By Beverly Barbour
Turkey the second time around
The Pilgrims may have invented Thanksgiving but old Tom turkey has come a long way since they sat down and carved one of Tom's ancestors to share with their Indian friends. Today's turkey is big of breast and cheap of price--one of the least expensive and most versatile meats you can serve today.
Anyone who says they get tired of leftover turkey just hasn't considered all of the good, nourishing meals that come as an afterthought to the Thanksgiving feast. Here are a few ideas you may have missed when packaging the leftovers for the freezer.
A quick and easy way to feed the family. Add fresh jalapeno peppers if you have them.
1 green pepper, chopped
In a large saucepan over medium heat, sauté green peppers, onion and garlic in oil for 5 minutes. Add beans, tomatoes, wine, turkey, chili powder, red pepper flakes and salt. Increase heat and bring to a boil; reduce heat to low and simmer, uncovered 25 minutes. Adjust seasonings. Serve garnished with chopped onion, grated cheese or fresh cilantro, if desired. Makes 6 servings.
Turkey, Mushroom & Cheese Quesadilla
Using preshredded cheese and presliced mushrooms makes this recipe quick and easy but it is probably less expensive to do a little shredding and slicing yourself.
1 teaspoon olive oil
Heat oil and add cumin, half of the salt and half of the pepper, sprinkle over turkey. Lightly warm the turkey in olive oil or butter, remove from pan and set aside. Add onion, mushrooms, garlic, jalapeno and the remaining half of the salt and pepper; sauté 5 minutes. Remove from pan; wipe pan and return pan to medium heat. Sprinkle each tortilla with about 1/3 cup cheese and some of the mushroom mixture. Arrange turkey evenly over mushroom mixture. Carefully fold each tortilla in half. Place 2 filled tortillas in pan; cook 2 minutes on each side or until lightly browned and cheese melts. Repeat procedure with remaining quesadillas. Serve immediately. Makes 4 servings.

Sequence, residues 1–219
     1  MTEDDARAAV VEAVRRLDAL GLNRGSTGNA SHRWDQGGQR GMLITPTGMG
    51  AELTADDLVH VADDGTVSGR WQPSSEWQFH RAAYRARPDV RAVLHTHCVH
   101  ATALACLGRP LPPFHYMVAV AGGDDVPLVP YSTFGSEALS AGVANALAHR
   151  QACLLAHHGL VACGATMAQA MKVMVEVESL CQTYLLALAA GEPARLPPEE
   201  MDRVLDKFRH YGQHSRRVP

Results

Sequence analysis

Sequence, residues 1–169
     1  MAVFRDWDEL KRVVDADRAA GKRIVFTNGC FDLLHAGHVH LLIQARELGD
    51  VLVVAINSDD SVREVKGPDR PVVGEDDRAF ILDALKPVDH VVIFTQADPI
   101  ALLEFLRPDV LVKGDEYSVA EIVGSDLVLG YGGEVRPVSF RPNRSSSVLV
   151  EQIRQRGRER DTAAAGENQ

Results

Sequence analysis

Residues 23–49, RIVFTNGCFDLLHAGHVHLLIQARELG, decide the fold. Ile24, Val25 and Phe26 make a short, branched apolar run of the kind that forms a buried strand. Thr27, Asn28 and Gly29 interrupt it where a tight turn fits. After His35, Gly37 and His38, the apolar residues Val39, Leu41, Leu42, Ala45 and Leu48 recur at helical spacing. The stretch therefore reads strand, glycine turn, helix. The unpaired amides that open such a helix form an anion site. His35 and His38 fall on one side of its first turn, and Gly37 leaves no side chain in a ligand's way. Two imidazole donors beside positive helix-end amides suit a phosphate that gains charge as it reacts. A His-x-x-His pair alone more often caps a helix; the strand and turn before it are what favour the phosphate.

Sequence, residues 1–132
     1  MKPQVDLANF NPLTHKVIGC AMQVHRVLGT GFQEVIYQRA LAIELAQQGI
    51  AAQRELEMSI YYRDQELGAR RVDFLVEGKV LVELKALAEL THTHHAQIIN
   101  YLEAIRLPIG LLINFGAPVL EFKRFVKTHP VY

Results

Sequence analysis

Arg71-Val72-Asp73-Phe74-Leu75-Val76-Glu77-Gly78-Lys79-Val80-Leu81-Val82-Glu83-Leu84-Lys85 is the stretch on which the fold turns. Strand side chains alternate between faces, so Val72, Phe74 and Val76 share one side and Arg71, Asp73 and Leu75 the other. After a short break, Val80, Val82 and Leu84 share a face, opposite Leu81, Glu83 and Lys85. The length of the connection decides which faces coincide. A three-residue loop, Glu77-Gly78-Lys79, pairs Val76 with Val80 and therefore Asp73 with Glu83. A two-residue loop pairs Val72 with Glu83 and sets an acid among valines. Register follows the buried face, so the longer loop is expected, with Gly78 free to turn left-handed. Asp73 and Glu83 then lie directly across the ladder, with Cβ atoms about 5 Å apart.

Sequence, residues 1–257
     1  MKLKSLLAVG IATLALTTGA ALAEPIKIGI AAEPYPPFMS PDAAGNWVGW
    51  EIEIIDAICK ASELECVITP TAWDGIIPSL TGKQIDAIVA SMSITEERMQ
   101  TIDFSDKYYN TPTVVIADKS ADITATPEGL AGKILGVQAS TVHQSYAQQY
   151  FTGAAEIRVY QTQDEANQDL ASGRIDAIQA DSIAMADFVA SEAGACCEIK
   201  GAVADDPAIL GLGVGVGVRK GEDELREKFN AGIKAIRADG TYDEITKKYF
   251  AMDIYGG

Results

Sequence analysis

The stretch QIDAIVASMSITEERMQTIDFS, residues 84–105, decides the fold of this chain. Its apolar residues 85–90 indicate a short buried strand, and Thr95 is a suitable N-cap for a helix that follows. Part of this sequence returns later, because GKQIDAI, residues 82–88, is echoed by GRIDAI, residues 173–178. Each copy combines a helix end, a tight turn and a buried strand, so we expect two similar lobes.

Can be reheated in microwave or toaster oven. Let calzones come to room temperature before wrapping to keep dough from getting soggy.
1 can (14 oz) artichoke hearts, drained and finely chopped
Preheat oven to 425 F. Pat artichokes dry. Combine artichokes, salt, pepper and garlic in a large bowl. Add spinach, cheese and chicken; toss gently to combine. Brush oil over baking sheet, sprinkle with cornmeal. Unroll dough onto prepared baking sheet, cut into 6 equal pieces. Cover and let rest 5 minutes. Pat each portion into a 6- by 5-inch rectangle. Spoon 2/3 cup spinach mixture into center of each rectangle. Fold one corner of each portion over spinach mixture to form a triangle. Press edges together to seal. Bake 12 minutes or until golden. Makes 6 servings.
Turkey & Veggies over Noodles or Spaghetti Squash
Use any vegetables left from Thanksgiving or by a frozen vegetable mixture such as carrots, cauliflower and broccoli.
2 cups cubed cooked turkey
Cook vegetables until just tender; drain. Meanwhile melt butter in saucepan. Add onion and cook until tender. Remove from heat and stir in flour, nutmeg, salt and pepper. Gradually stir in milk (a wire whip works well) to eliminate any lumps. Cook and stir over medium heat until thickened. Add cheese and continue heating until melted. Stir in turkey, vegetables and mushrooms. Heat until turkey and vegetables are hot. Serve over pasta or cooked spaghetti squash. Makes 4 servings.
Turkey is a versatile old bird!